What Cambridgeshire’s Police and Crime Commissioner Should Do


Friday, October 12th, 2012. 2:23pm

A Holistic View

Cambridgeshire and Peterborough’s Police and Crime Commissioner should provide strategic direction not just for the police, but for the work of the courts, prison and probation services, local councils and other bodies with an impact on policing, crime and justice matters in the area; including schools and health service providers. The creation of the role of commissioner provides an opportunity to introduce coherent leadership across the crime and justice sector; any commissioner focusing too much on the police force rather than seeking and utilising wider influence will be failing to make the most of the role.

Localism and Democracy

A single democratically elected individual leading police, crime and justice efforts in a region with a population of ~800,000 people will not, alone, be able to provide the degree of localism and responsiveness that could be achieved by strengthening local democracy. I would like to see local councillors setting local police, crime and justice priorities and holding their local police, and other relevant bodies, to account. Councillors should set local priorities having listened to the views of those with an interest the area, and in light of relevant evidence such as crime statistics and injury data. Through empowering councillors there is an opportunity to create a stronger local democracy and get better councillors.

Office of Constable as Core of Policing

The office of constable is the foundation of policing in the UK. I think it’s important that we support constables and give them the resources and freedom they need to fulfill their role while ensuring there are safeguards in place to make sure the immense power and responsibility delegated to the most junior officers is used appropriately. My view is that constables are better value for money than community support officers, and that there are significant benefits of having routine patrols by constables empowered to take action in relation to offences they observe.

Policing by Consent

A good relationship between the police and public is critical to reducing crime and keeping the country safe; if the relationship breaks down policing becomes harder and policing moves away from policing by consent towards a different tone of policing, policing by force. To maintain a good relationship I want to see routine patrol and response officers remaining unarmed and think it is important that the police do not routinely lie, mislead, or misrepresent their powers, when dealing with the public.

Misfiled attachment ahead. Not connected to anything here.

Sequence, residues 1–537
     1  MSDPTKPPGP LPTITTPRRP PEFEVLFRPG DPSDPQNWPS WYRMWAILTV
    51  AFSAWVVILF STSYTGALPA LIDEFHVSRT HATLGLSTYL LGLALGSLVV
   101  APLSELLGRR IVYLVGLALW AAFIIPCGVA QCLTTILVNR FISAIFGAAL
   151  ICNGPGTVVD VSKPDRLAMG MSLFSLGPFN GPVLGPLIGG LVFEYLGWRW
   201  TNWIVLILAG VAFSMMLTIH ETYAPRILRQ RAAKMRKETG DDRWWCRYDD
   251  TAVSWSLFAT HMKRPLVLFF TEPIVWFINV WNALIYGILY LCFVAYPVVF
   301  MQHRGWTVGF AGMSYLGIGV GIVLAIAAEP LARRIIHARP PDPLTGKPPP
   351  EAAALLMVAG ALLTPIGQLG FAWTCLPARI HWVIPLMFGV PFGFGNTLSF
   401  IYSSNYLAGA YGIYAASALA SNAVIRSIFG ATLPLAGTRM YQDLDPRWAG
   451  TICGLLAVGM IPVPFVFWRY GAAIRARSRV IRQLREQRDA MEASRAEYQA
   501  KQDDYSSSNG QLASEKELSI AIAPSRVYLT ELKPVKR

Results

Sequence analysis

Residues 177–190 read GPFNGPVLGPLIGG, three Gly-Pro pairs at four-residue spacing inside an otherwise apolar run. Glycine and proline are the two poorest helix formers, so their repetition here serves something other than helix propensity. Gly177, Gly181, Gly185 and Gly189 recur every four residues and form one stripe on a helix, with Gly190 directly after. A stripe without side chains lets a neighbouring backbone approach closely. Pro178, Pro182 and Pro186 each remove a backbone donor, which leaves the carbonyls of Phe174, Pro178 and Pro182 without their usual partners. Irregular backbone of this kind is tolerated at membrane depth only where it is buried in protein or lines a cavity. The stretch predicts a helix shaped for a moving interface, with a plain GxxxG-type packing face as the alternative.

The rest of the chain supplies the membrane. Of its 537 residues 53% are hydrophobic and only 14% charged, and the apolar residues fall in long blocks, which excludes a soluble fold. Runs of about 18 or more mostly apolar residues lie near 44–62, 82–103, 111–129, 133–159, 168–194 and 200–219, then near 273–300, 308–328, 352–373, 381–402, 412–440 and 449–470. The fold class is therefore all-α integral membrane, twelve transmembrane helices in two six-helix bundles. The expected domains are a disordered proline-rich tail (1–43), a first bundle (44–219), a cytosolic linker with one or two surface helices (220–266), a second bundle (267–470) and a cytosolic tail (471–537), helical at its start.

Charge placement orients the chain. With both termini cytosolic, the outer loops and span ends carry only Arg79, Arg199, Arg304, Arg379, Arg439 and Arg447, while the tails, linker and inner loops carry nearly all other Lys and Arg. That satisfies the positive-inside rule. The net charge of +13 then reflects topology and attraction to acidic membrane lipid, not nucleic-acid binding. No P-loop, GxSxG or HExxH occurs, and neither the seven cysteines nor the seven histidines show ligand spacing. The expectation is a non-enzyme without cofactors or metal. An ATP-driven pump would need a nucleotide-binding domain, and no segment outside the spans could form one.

Scepticism of Statistics

Any commissioner should have a healthy scepticism when it comes to police statistics. Key measures to seek to get a precise measure of, and to reduce, include re-offending rates as well the number and severity of injuries related to both crime and incidents on the roads. Increases in rates of reported crime may be positive, and indicate people have greater faith in the police acting appropriately and effectively following reports.

A National Role

The commissioner should play a national role both ensuring the service the local force gets from national agencies, such as the National Crime Agency, is what the areas’ residents require, playing a role in directing and scrutinising the operation of the national agencies. The commissioner will also need to ensure the local force is making its contribution to national efforts relating to terrorism, organised crime, and disorder as well as preparedness for the whatever challenges may emerge be they flooding, industrial incidents, disease or other events.

Current Position

As yet I don’t think any of the declared prospective candidates in Cambridgeshire are offering what I’m seeking and can’t envisage being able to vote positively for any of them. Nominations close on the 19th of October 2012 so there is still time to stand or nominate candidates and get more options on the ballot paper.

18 comments/updates on “What Cambridgeshire’s Police and Crime Commissioner Should Do

  1. Richard Taylor Article author

    Richard Naisby of Milton Brewery has said he’d nominate me (and perhaps contribute to the deposit):

    http://twitter.com/miltonbrewery/status/248211125802504192

    As now has Kim Spence-Jones:

    http://twitter.com/KimSJ/status/257089696121892865

    That’s two out of the hundred required.

    If one hundred people indicated they wanted me to stand by signing a nomination paper then I would. I think they ought be people who’ve proactively said they want to nominate and support me though, genuine informed nominations not those obtained by say a door to door canvas or has has been suggested standing outside a supermarket for a day, not least as the £5,000 deposit means I’d have to put up £50 for every person prepared to sign up.